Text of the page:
- The editor shows what users will see
- There are many plugins that add additional blocks
- Since all page content is stored in a standard way, less effort is required to ensure that other functionality knows where to look for this content. For example, site searches will include this content in the search scope without any extra effort, and this content will be included in RSS feeds automatically.
Benefits of ACF Flexible Content
- Multiple ACF Flexible Content fields can be used on a single page. This can be useful if there are several areas that lend themselves to being managed with Flexible Content, but they are separated in the design.
- The editing experience is more guided and content driven. The editor will be making fewer decisions on what the page will look like, and instead spending more time simply placing content.
The Gutenberg Block Editor makes the most sense for designs where the body content is contained in a single area. Good examples are designs that either don’t feature sidebars or that feature sidebars that run the entire length of the design.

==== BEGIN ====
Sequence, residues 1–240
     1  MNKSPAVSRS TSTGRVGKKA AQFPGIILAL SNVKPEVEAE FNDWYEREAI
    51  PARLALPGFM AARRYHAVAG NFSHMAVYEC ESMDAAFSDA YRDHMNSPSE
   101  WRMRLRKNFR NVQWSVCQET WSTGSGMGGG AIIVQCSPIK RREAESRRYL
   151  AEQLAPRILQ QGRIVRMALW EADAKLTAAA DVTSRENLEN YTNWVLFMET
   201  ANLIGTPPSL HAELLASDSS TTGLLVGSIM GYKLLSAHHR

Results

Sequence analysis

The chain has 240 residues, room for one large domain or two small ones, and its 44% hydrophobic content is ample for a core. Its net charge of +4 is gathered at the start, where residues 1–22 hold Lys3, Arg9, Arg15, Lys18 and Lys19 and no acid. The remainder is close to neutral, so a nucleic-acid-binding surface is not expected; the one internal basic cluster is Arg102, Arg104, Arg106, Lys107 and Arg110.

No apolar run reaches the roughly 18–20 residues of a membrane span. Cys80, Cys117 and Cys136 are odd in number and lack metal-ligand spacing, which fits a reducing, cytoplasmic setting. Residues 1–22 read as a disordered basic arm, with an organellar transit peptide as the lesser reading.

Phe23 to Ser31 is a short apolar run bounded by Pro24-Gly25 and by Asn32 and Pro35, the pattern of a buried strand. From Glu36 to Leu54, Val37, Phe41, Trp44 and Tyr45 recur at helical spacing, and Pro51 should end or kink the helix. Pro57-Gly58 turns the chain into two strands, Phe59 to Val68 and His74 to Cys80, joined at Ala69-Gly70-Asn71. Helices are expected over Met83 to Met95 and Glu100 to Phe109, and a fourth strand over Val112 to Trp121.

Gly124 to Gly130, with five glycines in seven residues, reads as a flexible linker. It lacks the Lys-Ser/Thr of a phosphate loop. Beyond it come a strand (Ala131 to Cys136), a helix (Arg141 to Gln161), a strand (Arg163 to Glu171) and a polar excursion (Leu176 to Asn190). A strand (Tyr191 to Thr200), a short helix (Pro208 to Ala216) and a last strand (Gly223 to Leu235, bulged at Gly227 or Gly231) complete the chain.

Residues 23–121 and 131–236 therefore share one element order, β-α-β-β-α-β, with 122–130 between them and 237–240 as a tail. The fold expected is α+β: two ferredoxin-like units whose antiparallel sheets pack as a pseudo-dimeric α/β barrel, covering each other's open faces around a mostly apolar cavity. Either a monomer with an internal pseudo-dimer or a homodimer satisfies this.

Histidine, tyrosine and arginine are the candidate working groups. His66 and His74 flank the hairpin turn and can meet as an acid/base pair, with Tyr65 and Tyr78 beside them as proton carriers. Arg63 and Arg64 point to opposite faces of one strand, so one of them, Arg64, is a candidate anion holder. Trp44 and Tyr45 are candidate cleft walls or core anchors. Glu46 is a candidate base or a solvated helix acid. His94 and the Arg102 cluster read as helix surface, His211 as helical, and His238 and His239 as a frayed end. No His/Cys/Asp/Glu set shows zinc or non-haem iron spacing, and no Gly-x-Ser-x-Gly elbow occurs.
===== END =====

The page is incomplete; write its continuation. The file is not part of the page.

In both of these examples, the primary body area is continuous mixed content (headings, paragraphs, images, etc.) which can be easily managed with the Gutenberg Block Editor.
Designs that feature multiple mixed content areas aren’t good candidates to be managed entirely from the Gutenberg Block editor. For example, designs that have sidebars that don’t extend the entire length of the design create more than one mixed content area. Since there can only be a single Gutenberg Block Editor per page, designs like this are better better built with a combination of Gutenberg Block Editor and ACF Flexible Content:
Designs that feature multiple non-contiguous mixed content areas are also best suited for ACF Flexible Content: